Textbook authoring in the digital age, Part two

Mary Ellen Lepionka

Mary Ellen Lepionka

There is a whole new language for the teaching and learning enterprise today, and it is not textbook-based. The very word textbook has become vilified, vulgarized—a dirty word associated (rightly and wrongly) with the profit-taking and business practices of commercial higher education textbook publishers. Expository writing on a course subject for digitized delivery is not even called a textbook. Rather, the product is content—in the form of learning objects, modules, and media assets, offered in the form of an online course or a portal or gateway to new (or newly networked) knowledge. The term textbook will become obsolete or will be narrowly defined to refer only to conversions—non-interactive digitizations of textbooks in print.

Textbook authoring in the Digital Age thus requires a different way of looking at yourself, your mission, and the students. Today, as an erstwhile textbook author, you are regarded not as an instructor but as an SME (subject matter expert). SMEs provide authoritative content and sources, organized into templates that reflect principles of instructional design.

Principles of instructional design for online application have rules and conventions quite different in many ways from traditional lesson planning and pedagogy writing. Words, sentences, and paragraphs are adapted for readers who only skim or scan text, for example. Pedagogy becomes graphical and font-based navigational clues, hyperlink jumps, and concept webs. To set out scope and sequence, you write learning objectives keyed to telescoping outlines (rather than to fixed topical parameters). You create storyboards or content maps, gather and annotate instructional aids, and build networks.

As an SME, what you do is not instruction, however, which is regarded as linear and one-way, but rather conversation (nonlinear and two-way). You design conversations with students, who interact with you (and with each other) as often as you do with them. Students are collaborators in their learning (wikitexts are the ultimate expressions of this). Students also are consumers of the information conveyed in these conversations, information in packages and bits that students use to build and archive their own unique knowledge bases. Students will not be “responsible” for your information, only for their own learning, and they will choose what they will learn, based on the perceived personal or professional relevance and usefulness of that information to them at a given time.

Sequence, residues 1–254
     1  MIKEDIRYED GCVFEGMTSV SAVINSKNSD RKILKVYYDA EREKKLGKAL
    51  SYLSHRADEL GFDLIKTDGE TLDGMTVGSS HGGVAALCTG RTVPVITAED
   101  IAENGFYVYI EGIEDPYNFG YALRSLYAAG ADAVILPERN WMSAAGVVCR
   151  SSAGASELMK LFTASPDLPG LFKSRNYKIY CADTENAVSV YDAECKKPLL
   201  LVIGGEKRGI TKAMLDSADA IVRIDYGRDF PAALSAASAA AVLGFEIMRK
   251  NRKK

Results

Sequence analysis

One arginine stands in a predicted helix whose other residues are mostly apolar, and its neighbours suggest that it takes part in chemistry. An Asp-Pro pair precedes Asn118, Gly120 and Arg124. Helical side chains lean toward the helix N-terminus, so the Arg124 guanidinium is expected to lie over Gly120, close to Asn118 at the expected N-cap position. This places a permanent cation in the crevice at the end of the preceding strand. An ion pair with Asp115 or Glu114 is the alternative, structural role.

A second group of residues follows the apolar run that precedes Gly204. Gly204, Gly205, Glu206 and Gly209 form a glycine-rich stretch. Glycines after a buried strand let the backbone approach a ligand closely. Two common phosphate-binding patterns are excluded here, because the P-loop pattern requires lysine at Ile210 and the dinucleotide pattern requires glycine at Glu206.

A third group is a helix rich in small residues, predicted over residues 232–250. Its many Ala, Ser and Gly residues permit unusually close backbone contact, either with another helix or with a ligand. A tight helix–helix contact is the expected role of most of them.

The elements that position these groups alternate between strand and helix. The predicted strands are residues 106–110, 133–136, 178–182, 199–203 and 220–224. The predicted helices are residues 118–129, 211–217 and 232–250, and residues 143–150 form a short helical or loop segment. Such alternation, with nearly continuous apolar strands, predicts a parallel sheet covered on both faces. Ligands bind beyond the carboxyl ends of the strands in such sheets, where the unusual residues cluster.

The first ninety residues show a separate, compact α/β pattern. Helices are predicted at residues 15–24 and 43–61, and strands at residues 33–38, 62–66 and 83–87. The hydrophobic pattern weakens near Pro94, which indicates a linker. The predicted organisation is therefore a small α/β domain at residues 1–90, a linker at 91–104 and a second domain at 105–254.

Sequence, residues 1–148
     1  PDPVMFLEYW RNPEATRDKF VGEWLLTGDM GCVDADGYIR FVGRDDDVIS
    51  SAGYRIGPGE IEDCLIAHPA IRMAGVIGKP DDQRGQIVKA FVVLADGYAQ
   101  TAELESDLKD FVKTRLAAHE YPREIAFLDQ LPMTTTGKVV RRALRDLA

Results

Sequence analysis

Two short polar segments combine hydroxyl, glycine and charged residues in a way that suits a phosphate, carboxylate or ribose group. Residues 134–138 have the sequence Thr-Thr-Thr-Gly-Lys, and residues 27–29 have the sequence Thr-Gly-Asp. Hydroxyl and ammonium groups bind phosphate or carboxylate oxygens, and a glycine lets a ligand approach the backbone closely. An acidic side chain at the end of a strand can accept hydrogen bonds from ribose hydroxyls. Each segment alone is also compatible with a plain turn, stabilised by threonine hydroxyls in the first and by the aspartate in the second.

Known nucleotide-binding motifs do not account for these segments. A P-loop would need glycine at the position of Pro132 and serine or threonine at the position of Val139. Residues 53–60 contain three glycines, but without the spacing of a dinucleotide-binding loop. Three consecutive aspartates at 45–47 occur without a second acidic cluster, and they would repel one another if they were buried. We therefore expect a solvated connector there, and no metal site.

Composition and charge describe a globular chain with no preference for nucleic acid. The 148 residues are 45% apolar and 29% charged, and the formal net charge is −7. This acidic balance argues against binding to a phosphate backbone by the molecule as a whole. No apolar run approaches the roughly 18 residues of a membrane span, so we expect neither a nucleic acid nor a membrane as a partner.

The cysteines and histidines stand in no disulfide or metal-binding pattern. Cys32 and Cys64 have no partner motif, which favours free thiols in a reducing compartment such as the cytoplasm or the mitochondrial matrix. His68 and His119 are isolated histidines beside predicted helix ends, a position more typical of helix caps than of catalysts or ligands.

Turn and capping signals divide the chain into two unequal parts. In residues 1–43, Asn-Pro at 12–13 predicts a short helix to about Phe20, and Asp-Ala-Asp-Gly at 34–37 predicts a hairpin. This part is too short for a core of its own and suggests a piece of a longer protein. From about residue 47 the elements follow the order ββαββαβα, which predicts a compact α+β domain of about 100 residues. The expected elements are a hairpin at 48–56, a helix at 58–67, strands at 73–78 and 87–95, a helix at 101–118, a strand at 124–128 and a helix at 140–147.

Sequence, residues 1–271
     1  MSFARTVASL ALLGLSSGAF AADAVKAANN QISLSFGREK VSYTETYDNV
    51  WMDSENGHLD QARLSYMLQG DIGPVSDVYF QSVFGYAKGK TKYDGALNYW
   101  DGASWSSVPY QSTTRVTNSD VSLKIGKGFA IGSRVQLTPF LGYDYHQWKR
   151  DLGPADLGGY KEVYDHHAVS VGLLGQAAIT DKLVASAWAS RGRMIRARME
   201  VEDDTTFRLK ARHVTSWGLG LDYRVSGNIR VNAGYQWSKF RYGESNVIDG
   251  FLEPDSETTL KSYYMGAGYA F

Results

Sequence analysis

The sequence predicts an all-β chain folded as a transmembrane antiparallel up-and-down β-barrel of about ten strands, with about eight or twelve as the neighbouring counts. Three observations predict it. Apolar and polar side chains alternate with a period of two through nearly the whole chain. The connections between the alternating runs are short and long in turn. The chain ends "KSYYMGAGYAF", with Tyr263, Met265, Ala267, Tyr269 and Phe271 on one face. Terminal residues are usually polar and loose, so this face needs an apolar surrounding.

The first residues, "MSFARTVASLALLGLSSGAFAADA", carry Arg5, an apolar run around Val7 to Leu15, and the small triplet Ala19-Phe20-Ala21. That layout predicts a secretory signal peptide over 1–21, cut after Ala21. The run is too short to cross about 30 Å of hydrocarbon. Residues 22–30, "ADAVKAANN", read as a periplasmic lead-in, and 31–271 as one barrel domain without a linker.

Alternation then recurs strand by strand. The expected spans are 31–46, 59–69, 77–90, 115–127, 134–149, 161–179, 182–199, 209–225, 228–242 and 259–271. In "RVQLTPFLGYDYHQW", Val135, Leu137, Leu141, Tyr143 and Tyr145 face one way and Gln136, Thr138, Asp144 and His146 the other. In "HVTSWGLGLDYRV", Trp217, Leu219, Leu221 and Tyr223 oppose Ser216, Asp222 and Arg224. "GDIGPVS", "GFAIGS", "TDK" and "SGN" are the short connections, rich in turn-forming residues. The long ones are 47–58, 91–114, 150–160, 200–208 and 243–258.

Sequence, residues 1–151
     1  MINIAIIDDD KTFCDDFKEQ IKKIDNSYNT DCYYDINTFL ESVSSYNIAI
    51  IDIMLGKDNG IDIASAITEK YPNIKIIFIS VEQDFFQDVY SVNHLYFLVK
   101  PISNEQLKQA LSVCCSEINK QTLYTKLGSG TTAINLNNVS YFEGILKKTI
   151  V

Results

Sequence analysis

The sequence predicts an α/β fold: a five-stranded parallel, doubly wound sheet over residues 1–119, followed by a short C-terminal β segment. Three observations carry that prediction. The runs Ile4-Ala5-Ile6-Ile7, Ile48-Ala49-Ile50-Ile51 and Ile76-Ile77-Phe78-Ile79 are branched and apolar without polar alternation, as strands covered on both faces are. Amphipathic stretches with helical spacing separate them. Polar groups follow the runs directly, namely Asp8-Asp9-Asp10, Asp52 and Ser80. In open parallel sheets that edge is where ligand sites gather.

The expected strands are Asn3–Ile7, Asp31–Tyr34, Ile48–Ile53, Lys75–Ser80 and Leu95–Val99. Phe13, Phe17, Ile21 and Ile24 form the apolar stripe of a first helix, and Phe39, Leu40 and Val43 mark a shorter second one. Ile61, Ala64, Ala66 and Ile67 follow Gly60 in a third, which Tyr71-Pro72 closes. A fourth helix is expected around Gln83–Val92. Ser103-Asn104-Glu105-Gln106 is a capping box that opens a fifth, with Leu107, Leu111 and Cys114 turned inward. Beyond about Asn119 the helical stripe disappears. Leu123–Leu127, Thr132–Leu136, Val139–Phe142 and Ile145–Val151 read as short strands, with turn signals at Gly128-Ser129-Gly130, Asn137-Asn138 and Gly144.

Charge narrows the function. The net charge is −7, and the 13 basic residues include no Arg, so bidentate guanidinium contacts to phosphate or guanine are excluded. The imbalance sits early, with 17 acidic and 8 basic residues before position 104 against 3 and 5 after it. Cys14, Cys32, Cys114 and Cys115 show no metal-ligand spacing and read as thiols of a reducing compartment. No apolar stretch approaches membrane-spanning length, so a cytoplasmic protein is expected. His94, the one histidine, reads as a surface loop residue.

Thus, for better and for worse, there is no canon—not any more. Rather than conveying a body of knowledge by writing a textbook, you are facilitating conversations that enable active (and interactive) elective learning. This learning is self- and socially constructed—the ultimate expression of the postmodern constructivist movement in educational philosophy—a movement buttressed by developments in psychometrics and educational psychology.

Your designed conversations with students may still include evidence-based narratives, but you will develop your manuscripts more like scripts—with settings, stage directions, and special effects in addition to players, speeches, and lines. As odd as it may seem compared to conventional textbook writing processes, screenwriting is appropriate for content that will be displayed on a screen. Your content will be displayed on computer monitors, laptops, PDAs, ebook readers, mobile phones, and any other so-called destructive technologies (so-called simply because they necessitate structural change) that the future holds.